Bird enthusiasts of all ages came equipped with binoculars and cameras, as they learned about natural bird history at the annual Family Bird Festival Saturday at the Rancho Santa Ana Botanic Garden in Claremont.
The festival is an educational celebration that involves a mile hike through different gardens while stopping at stations that provide interactive activities and information related to birds and ornithology.
Every year, the festival participates in the “Great Backyard Bird Count,” a global event that encourages people to count their local birds in the area.
“It’s one of our most popular events,” Eric Garton, director of visitor services, said. “We think that just giving people the chance to actually get to know how birds work – that’s really cool.”
After receiving their rubber tracking bracelet and passport, visitors followed the marked map to 13 different stations. Children participated in activities at the stations to earn a stamp for their passport.
Visitors first learned about hummingbirds and watched a video that demonstrated the capillary action technique that birds use to drink nectar.
The second station featured a live great horned owl and barn owl handled by volunteers from Wild Wings of California, a non-profit raptor rehabilitation organization, and the Pomona Valley Audubon Society.
The volunteers answered questions and allowed visitors to approach the owls.
“We’re becoming more involved with environmental causes,” Bob Everett, co-founder of Wild Wings of California, said. “I would say we’re evolving – evolving with the events of the times.”
The next station provided comparisons of various feather and bone samples.
Visitors learned how the different shapes and sizes helped birds adapt to their respected environments.
Next to the station was another stop, where visitors made condor paper planes and stretched their arms against an image of a condor’s wingspan.
Volunteers also promoted the preservation of condors and provided information about the slow increase in population.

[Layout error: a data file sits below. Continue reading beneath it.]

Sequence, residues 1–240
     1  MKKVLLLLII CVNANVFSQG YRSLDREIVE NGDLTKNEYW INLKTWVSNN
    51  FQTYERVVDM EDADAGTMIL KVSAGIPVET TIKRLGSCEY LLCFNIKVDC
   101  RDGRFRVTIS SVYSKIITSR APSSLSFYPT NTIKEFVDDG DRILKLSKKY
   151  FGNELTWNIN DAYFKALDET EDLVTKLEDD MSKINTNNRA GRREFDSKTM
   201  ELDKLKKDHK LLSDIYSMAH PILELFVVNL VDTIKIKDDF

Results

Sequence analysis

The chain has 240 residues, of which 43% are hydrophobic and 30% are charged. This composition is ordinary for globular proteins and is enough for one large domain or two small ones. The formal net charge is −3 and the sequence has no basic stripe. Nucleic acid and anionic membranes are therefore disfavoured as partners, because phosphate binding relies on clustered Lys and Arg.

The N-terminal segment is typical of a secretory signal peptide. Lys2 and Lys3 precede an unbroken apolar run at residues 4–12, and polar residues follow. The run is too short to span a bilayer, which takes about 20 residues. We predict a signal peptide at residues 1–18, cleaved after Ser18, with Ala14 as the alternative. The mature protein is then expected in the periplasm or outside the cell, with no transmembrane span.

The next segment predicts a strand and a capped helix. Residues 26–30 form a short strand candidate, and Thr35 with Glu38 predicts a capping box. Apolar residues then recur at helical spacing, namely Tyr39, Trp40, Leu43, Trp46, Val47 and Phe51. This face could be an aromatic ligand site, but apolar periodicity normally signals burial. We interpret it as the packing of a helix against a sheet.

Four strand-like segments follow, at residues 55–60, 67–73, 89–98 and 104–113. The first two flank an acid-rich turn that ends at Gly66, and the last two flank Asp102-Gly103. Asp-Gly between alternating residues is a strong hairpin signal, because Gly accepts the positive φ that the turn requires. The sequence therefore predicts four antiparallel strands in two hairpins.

After folding a condor plane, visitors received a raffle ticket that they could deposit at the nearby gift shop.
The next stop had children listen to different recordings of some native birds, such as the mourning dove and spotted towhee.
Volunteers used silhouettes and images to give tips on identifying birds based on size, body shape and sound.
“I’m a biologist, so it’s a lot of fun for me to get to share the things I’m most passionate about,” Garton said.
Visitors examined the construction and building materials of different nests and attempted to place acorns in holes drilled by woodpeckers.
They also compared different beaks and feet of birds, and found the advantages that each type had over another.
The next three stations had different crafts for children.
They built quails out of paper, made seed-covered pine cone birdfeeders and decorated buttons.
The children were able to take their crafts home.
Some also visited the migration station, where helpers gathered information about the “migrating” people that passed by.
They recorded the arm span and unique number on the rubber bracelets of each individual.
The last station showed the difficulties birds face during migration through an interactive game that had participants roll a die to determine the amount of spaces they were allowed to move.
Each space had a corresponding card that related to a problem that migrating birds encounter.
After visiting all stations and collecting stamps, visitors turned in their filled passport at the nursery near the entrance and received a small packet of bird seeds.
Visitors were encouraged to fill birdfeeders with seeds to help potential migrating birds on their long treks.
A special presentation about the black-chinned hummingbird by Sean C. Wilcox was held at noon.
Wilcox is currently a second-year Ph.D student at the University of California, Riverside.
His presentation discussed the flight performance and sound production during the courtship displays of male black-chinned hummingbirds.
“I tried taking ornithology in college, but it was an impacted class,” Tina Stoner, Wild Wings of California volunteer, said.
“I kind of glad that I didn’t, because now I’m enjoying birds on a whole different level.”
Emily Lau can be reached at firstname.lastname@example.org.